American author Alfred A. Montapert once said that “nobody ever did, or ever will, escape the consequences of his choices.” That statement holds true in the field of trusts and estates, in particular when it comes to the execution of a waiver and consent in a probate proceeding. As this article will show, a party to a probate proceeding must exercise care in signing such a document, as it carries with it powerful consequences that cannot be easily undone.

Continue reading

Discovery Under the Surrogate’s Court Procedure Act: a Primer

Often when the issue of a discovery proceeding is raised in either a will contest, accounting contest or related litigated estate matter, the initial reaction by the attorney is to assume that reference is being made to the discovery and disclosure permitted by Article 31 of the Civil Practice Law and Rules. While the attorney would be correct in believing that the provisions of Article 31 of the CPLR and other laws relevant to practice and procedure apply in the Surrogate’s Court, a discovery proceeding in the Surrogate’s Court, as many attorneys have learned the hard way, is a beast of a different color.

The purpose of this article is to acclimate the general practitioner with some of the intricacies of Sections 2103 and 2104 of the Surrogate’s Court Procedure Act (SCPA) relevant to a discovery proceeding and to briefly touch upon what is commonly referred to as a reverse discovery proceeding permitted by Section 2105 of the SCPA.

Continue reading

Surrogate’s Court Wrongful Death Compromises 101

In any wrongful death action, a successful outcome for your client will doubtlessly be hard won. However, whether recovery comes from an “action or by settlement without an action,”[i] counsel’s job is far from over once an award is procured in the Supreme Court as the final phase of wrongful death litigation involves Petitioning the Surrogate’s Court to direct the final distribution of the recovery from the Decedent’s Estate to the proper parties.

Continue reading

“I Did, but now I Don’t.” Vacatur of a Probate Decree Admitted on Consent Rarely Granted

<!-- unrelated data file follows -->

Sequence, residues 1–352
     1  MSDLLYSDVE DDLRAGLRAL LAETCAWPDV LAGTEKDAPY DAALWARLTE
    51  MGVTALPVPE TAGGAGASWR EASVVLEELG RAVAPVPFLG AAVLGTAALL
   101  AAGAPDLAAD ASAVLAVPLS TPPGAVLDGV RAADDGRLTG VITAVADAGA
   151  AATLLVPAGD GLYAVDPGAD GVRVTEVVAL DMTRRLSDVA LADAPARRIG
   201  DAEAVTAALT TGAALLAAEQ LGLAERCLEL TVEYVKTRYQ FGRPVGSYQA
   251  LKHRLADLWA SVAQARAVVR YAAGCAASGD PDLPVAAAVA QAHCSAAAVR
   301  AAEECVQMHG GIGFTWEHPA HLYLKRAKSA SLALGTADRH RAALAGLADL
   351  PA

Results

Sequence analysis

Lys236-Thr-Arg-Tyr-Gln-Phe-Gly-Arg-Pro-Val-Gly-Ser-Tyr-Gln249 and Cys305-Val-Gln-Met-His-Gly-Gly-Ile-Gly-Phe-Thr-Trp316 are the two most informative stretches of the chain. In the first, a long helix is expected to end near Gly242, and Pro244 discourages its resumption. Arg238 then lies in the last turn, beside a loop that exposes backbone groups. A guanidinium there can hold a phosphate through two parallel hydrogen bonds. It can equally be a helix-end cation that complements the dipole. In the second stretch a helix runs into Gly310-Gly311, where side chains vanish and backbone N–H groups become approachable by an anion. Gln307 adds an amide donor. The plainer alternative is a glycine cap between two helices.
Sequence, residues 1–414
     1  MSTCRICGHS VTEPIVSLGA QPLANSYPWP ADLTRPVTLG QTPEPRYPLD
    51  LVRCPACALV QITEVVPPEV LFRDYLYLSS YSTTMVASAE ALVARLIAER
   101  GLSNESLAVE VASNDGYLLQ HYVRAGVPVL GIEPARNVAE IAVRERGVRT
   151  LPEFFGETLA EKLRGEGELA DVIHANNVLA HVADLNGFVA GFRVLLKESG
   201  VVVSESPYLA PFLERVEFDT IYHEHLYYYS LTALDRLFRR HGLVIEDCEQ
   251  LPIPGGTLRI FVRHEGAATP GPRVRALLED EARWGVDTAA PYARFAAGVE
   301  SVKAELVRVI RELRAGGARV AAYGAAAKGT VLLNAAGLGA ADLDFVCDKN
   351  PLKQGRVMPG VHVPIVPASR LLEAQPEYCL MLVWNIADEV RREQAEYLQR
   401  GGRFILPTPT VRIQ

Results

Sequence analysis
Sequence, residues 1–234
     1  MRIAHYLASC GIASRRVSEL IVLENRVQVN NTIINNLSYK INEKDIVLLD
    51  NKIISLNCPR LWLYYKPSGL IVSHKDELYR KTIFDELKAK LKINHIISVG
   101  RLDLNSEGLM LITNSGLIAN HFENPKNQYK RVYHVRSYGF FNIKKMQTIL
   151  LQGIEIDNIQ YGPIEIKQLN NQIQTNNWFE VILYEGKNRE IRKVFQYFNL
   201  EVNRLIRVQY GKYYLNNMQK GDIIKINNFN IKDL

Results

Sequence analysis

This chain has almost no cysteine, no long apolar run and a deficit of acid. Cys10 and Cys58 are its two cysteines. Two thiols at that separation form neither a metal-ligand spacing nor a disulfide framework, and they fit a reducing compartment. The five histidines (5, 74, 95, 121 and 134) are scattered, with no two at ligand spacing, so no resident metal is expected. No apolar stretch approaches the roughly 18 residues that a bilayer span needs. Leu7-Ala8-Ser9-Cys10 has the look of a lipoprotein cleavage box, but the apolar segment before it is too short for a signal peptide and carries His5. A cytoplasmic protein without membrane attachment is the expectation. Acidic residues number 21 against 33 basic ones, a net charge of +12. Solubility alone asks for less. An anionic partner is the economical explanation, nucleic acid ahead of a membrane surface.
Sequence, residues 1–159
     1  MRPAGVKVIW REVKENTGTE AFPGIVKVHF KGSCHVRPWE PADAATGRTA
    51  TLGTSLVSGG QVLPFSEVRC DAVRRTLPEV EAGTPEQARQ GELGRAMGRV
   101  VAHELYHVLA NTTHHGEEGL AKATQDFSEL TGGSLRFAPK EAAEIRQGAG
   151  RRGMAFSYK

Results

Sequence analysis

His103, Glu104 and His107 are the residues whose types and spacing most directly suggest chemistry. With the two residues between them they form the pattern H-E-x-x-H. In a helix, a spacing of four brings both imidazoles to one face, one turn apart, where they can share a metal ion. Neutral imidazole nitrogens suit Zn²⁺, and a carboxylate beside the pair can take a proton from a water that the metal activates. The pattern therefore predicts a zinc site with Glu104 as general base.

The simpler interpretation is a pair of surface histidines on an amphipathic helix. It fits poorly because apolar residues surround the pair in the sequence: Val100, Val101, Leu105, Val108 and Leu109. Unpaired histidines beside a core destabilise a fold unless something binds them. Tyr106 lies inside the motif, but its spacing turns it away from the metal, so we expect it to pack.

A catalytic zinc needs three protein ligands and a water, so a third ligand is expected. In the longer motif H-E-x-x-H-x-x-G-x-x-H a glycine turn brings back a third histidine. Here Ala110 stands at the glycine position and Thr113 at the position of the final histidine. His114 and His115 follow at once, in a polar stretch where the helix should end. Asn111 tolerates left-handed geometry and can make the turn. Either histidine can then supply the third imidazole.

“Droll thing life is — that mysterious arrangement of merciless logic for a futile purpose. The most you can hope from it is some knowledge of yourself — that comes too late — a crop of inextinguishable regrets.”

― Joseph Conrad


Clients often come to regret past decisions, and very often seek counsel for a means to resolve the difficulties and complications that result from them. Commonly, a client will approach counsel, often indignant, sometimes sheepishly, and ultimately admit that they have found themselves bound to an agreement of which they now want, for lack of a better term, to get out of. An unforeseen, unintended, or a simply poor result has forced a reconsideration and change of mind as is often the case; what was once opportunity, is now a liability that needs remedy.

Continue reading

No Interest Too Small for Beneficiary Standing and Revocable Trusts

By: Gary E. Bashian*

“Before the law sits a gatekeeper. To this gatekeeper comes a man from the country who asks to gain entry into the law. But the gatekeeper says that he cannot grant him entry at the moment. The man thinks about it and then asks if he will be allowed to come in sometime later on. ‘It is possible,’ says the gatekeeper, ‘but not now.’”

– Franz Kafka

As with any litigated matter, the question of Standing is ubiquitous in Surrogate’s practice. However, more so than in most civil litigation, questions surrounding an Estate or Trust beneficiary’s right to bring suit is one that takes on many nuanced forms, and is seldom answerable independent of the particular facts and circumstances which frame the matter at bar.

Continue reading